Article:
6ixbuzz is like the pot calling the kettle back. Majority of their post promotes bullying, hatred and division. The way this platform portrays minorities in our community is sad. This is why racist people are so comfortable saying the things they say.
— Cacao butter kisses (@GabbydeeO) May 29, 2020
It’s also known for inciting divineness through the content and captions that it shares.
People in 6ixbuzz’s comments are the most misogynistic, racist, homophobic people. Not only does 6ixbuzz intentionally use captions to divide people against one another, but then they act like they’re a hero? unfollow that clownery, the worse thing to happen to Toronto media.
— Vyshnavi Muthaly (@vyshnavimuthaly) May 29, 2020
Further, largely due to the fact it’s an unregulated account, many creatives have found their content stolen and repurposed by 6ixBuzz’s account, oftentimes without even an acknowledgement that it came from someone else.
Throwback Thursday to when 6ixbuzz stole my tweet for a caption because … you know … captions are hard. pic.twitter.com/FL9T4N6hpa
— Chris Walder (@WalderSports) May 28, 2020
The page, which started as a meme sharing platform in 2010, evolved into a major part of Toronto and the GTA’s media scene—albeit mainly among the younger generations, and mostly for the wrong reasons.
Town of Outlook passes social media policy for employees, council – The Outlook
The Town of Outlook recently passed a social media policy for its employees, as well as those on the local council.
The objective of the policy, which is titled ‘Social Media Practices’ is “To provide clear direction to employees and council on the Town’s standards to be observed when using social media.”
What follows are highlights of the policy, which was provided to The Outlook by the Town:
The Social Media Practices policy is implemented to establish the roles and appropriate forms of communications to the public for all employees and council of the Town of Outlook, both professionally and personally.
This policy applies to all Town employees and council on the following social media and networking platforms: Facebook, Twitter, Instagram, Linkedin, TikTok, Youtube, forums, message boards, blogs, and the Town’s official website.
1. Administration staff and selected department heads may be granted access to the Town’s social media platforms as determined by the CAO.
2. Council will not be granted authority to the administration permissions of the Town’s social media platforms, however will be able to view, share, and engage on posts from the Town.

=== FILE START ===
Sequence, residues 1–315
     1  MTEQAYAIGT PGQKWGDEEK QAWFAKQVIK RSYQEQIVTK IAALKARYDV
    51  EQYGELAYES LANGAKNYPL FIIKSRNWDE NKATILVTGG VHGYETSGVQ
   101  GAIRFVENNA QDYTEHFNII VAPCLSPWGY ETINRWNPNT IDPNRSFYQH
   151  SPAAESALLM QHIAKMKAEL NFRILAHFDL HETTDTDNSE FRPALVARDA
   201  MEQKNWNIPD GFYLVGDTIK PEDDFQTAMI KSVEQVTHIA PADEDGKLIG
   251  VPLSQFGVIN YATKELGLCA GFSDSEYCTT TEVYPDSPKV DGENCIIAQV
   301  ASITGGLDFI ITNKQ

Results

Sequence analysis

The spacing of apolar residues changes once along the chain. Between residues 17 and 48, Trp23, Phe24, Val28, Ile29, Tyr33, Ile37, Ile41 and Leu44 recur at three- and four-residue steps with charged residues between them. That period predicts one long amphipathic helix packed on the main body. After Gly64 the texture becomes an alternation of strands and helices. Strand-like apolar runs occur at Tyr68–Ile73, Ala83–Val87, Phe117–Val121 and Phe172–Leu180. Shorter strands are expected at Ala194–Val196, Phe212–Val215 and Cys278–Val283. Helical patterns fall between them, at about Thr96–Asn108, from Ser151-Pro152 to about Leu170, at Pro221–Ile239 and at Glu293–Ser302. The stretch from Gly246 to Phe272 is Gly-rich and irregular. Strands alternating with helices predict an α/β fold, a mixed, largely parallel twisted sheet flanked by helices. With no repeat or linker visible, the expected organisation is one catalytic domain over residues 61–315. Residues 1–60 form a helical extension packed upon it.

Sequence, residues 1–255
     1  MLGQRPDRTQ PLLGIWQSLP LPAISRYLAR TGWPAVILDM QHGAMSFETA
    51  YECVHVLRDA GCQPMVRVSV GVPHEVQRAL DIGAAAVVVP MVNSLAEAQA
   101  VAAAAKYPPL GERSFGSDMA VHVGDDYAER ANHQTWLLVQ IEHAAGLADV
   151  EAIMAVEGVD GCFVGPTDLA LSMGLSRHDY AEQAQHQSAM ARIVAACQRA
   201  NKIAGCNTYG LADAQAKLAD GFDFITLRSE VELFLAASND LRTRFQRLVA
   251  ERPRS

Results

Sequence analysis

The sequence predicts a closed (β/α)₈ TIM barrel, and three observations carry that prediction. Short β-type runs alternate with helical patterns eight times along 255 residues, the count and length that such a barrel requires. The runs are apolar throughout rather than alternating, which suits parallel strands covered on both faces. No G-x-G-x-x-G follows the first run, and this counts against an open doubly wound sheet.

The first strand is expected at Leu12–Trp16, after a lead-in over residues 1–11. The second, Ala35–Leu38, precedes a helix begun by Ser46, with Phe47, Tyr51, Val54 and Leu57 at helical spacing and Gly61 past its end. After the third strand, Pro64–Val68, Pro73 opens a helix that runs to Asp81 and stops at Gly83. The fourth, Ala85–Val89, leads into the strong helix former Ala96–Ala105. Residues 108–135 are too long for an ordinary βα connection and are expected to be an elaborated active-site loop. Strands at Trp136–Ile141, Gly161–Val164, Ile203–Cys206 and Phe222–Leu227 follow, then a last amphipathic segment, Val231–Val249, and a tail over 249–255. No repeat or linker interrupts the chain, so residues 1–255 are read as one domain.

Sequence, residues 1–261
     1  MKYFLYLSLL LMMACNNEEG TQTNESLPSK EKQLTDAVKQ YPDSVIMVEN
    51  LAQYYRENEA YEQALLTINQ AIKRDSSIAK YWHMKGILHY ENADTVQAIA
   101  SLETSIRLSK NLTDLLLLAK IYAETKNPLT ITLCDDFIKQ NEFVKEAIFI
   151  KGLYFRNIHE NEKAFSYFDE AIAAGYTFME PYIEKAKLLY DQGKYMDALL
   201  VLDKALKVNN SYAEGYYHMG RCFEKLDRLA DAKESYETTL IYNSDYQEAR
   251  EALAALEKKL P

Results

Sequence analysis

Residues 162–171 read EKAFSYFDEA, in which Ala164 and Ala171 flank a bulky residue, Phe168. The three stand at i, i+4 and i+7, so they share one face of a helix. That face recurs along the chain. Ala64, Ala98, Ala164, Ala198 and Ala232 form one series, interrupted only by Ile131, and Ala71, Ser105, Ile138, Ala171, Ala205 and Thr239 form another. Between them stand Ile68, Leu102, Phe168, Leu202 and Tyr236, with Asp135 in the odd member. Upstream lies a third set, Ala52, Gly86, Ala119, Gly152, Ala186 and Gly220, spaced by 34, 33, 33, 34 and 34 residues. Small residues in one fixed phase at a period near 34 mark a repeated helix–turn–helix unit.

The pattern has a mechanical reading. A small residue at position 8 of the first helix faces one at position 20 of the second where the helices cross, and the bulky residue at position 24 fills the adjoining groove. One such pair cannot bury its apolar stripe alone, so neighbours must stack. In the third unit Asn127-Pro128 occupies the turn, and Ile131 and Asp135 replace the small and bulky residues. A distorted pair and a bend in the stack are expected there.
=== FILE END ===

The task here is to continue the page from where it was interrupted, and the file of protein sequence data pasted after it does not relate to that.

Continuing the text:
1. All posts, comments, message initiations or replies on behalf of the Town must be communicated from the Town of Outlook’s account, not an employee’s personal account.
2. Direct messages to individuals or businesses via messenger and chat platforms must be signed with the first name of the employee who sent the message.
3. Direct messages on behalf of the Town should only be made by approved personnel and during regular working hours, except in the case of an urgent notification or request.
4. Memorandums, public notices, and social media campaigns must be approved by the CAO prior to being posted.
5. Posts, messages, comments, and any other communications containing profane, derogatory, or defamatory language will be hidden or deleted from the Town’s public social media platforms; users who initiate these forms of communications may be banned from Town pages.
Employees are welcome to engage in personal social media activities outside of working hours, however when engaging in conversations regarding the Town, we expect employees to observe the following guidelines:
• Be respectful and polite
• Avoid speaking on matters outside of your field of expertise
• Exercise caution when answering questions or making statements
• Follow the Town’s confidentiality policy
• Be mindful of copywrite, trademarks, plagiarism, and fair use standards
• Refrain from using profane, derogatory, or defamatory language
• Ensure others know that their personal statements do not represent the Town
• Advise your immediate supervisor when you come across any misleading or false information
Employees who disregard their job duties, disclose confidential information, or engage in offensive behaviour on personal or professional social media accounts may face disciplinary action as per the Town’s Progressive Discipline Policy.